Missing Endangered Alert Notification System
To help protect an increasing population of individuals that suffer from a cognitive impairment North Carolina developed the Missing Endangered Alert to quickly locate missing persons who may be endangered.
The Missing Endangered Alert was designed to quickly disseminate descriptive information about the missing person, so that citizens in the affected area can be on the lookout for the endangered person and notify local law enforcement with any relevant information.
The program is a cooperative effort among local and state law enforcement and the N.C. Center for Missing Persons, with voluntary participation by radio and television broadcasters and the N.C. Department of Transportation.
The North Carolina General Assembly formally established the program in 2007 by General Statute § 143B-1022; it is operated through the N.C. Center for Missing Persons.
The following statutory criteria must be met before the N.C. Center for Missing Persons will activate a Missing Endangered Alert:
Missing Endangered Alert will provide a statewide system for the rapid dissemination of information regarding a missing person who is believed to be suffering from congnitive impairment, that requires them to be protected from potential abuse or other physical harm, neglect, or exploitation.
Believed to have a cognitive impairment (not medical).
Reported Missing to law Enforcement within 72 hours.
Endanger of abuse, physical harm, neglect or exploitation.
Step 1 - Local Law Enforcement Investigates
When a family member or caregiver calls local law enforcement to report their missing loved one, the law enforcement agency must first investigate the case and determine if the criteria warrant a request for a Missing Endangered Alert. According to North Carolina law, a Missing Endangered Alert can only be issued if all of the criteria are met.
Step 2 - Local Law Enforcement
Enter information into the National Criminal Information Center system
Initiate a statewide “be on the lookout” bulletin to all appropriate law enforcement agencies
Provide a 24-hour phone number to receive calls during the investigation
After completing the investigation and determining the case meets the qualifying criteria, law enforcement will go to the NC Center for Missing Persons (NCCMP) website ( https://nccmp.ncdps.gov ) and complete the request for Missing Endangered Alert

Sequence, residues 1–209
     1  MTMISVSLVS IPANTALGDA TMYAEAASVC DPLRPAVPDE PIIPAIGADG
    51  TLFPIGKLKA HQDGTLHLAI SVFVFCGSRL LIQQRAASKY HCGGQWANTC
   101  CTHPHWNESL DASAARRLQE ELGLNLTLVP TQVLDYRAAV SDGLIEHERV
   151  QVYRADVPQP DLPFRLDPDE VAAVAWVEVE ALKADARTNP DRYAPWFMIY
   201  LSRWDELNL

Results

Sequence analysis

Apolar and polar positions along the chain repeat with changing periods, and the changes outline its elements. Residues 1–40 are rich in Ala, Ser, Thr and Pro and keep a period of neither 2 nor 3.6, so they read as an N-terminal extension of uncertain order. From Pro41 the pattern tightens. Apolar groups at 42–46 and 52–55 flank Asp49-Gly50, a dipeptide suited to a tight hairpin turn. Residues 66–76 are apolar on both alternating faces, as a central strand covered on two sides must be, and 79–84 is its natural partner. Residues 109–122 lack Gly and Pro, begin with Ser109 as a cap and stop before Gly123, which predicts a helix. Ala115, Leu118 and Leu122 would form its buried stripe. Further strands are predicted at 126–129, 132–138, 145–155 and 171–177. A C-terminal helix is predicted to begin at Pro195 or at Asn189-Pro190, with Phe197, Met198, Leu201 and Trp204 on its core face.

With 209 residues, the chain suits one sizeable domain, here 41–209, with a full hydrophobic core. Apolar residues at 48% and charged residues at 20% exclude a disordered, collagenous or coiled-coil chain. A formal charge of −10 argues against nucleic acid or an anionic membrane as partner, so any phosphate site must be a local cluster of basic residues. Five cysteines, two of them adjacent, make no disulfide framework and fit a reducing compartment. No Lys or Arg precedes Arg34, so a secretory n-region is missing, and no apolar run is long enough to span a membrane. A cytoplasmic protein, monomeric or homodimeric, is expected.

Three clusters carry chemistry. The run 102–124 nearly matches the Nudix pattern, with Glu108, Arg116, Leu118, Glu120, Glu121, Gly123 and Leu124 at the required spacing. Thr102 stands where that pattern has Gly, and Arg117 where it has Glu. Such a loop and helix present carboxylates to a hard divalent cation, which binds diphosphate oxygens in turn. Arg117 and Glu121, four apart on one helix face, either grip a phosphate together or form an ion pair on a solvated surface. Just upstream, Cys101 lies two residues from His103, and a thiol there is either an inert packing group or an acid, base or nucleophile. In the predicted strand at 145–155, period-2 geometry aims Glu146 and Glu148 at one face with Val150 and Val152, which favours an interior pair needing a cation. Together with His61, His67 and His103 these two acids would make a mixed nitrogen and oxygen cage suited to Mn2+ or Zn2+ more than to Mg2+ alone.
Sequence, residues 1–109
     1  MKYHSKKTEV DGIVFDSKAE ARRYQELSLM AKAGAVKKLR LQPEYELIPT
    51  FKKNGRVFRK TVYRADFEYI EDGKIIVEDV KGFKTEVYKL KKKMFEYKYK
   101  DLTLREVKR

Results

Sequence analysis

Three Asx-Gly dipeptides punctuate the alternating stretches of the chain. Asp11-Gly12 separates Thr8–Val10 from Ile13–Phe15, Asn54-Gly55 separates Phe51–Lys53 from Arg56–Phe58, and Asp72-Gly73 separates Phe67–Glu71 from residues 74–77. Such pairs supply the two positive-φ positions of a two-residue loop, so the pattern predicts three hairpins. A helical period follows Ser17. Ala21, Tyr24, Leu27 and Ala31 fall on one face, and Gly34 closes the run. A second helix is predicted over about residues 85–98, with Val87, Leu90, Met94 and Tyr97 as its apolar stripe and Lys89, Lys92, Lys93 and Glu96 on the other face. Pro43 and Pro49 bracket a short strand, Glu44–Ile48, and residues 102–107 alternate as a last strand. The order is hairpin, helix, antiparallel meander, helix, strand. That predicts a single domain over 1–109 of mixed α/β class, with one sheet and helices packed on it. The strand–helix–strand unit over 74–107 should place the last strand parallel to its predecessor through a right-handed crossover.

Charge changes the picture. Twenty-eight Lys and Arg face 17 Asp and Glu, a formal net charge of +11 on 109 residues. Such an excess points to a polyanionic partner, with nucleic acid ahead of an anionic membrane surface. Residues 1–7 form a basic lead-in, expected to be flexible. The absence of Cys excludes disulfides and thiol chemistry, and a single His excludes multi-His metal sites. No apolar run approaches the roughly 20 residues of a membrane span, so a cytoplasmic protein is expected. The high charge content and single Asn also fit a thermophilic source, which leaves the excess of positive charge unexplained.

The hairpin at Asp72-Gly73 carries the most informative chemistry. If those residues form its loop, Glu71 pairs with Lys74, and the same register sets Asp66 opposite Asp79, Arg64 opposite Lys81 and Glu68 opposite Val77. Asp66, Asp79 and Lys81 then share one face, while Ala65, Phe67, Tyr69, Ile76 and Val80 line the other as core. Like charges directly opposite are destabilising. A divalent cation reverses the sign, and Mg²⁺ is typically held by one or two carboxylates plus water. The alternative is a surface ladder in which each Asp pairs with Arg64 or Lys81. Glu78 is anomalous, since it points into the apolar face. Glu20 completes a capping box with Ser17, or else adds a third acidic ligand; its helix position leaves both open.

Once the missing person has been located, the requesting law enforcement agency will complete the cancelation in the NCCMP website.
NC Center for Missing Persons Responsibilities
Once the Missing Endangered request is received via email from the NCCMP website the alert will be denied or approved
A copy of the email will be sent to the requesting agency email provided
All updates and changes will be done through the NCCMP website ( https://nccmp.ncdps.gov ) by the requesting agency
If a loved one is missing, family and friends should immediately notify local law enforcement. When a person is abducted, time is valuable.
- File a police or sheriff's report. Include information on where the missing person was last known to be, as well as names of the individual's family and friends. Provide officers with a recent photo as soon as possible.
- Request that law enforcement put out a Be On the Look Out (BOLO) Bulletin.
- Ask for an organized search with the use of tracking dogs if possible.
- If the missing person has alzheimer's or some other cognitive impairement, ask local law enforcement to have a Missing Endangered Alert issued.
- Limit access to your home until law enforcement investigators arrive and have collected evidence.
- Give investigator all facts and circumstances related to disappearance including what efforts have already been made.
- Write a detailed description of clothing and any personal belongings the person may have. Note any birthmarks, scars, tattoos, or mannerisms, and supply any photo that may show the marks. Give this information to the investigator.
- Designate one person to answer your telephone. Keep a pad of paper by the phone to jot down names, telephone numbers, date and time of calls and the purpose of the call. You may want to get law enforcement to put a tracer on your phone and get an answering machine that will tape calls. You may also want to add caller ID. If you do not have a cell phone, you may want to get one so that you can be reached at any time.
For cases that are older than 30 days, help officers locate dental and medical records.
N.C. Center for Missing Persons: 1-800-522-5437